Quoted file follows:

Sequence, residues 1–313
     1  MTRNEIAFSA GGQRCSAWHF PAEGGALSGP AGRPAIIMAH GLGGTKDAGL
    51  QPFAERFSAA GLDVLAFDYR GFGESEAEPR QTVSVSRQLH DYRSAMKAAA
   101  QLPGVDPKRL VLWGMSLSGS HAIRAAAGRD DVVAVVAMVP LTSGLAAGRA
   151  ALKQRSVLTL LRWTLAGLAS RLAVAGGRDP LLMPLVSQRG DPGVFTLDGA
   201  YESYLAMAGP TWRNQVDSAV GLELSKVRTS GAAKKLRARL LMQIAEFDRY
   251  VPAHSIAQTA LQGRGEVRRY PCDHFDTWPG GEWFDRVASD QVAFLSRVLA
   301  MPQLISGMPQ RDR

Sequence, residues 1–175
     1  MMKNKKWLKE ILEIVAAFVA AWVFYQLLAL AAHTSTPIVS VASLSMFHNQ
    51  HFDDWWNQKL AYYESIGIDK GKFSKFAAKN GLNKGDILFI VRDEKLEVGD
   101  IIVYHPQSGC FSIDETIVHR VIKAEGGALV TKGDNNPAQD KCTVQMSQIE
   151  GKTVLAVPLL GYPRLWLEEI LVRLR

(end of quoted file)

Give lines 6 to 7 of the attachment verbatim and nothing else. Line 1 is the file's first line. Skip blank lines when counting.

   201  YESYLAMAGP TWRNQVDSAV GLELSKVRTS GAAKKLRARL LMQIAEFDRY
   251  VPAHSIAQTA LQGRGEVRRY PCDHFDTWPG GEWFDRVASD QVAFLSRVLA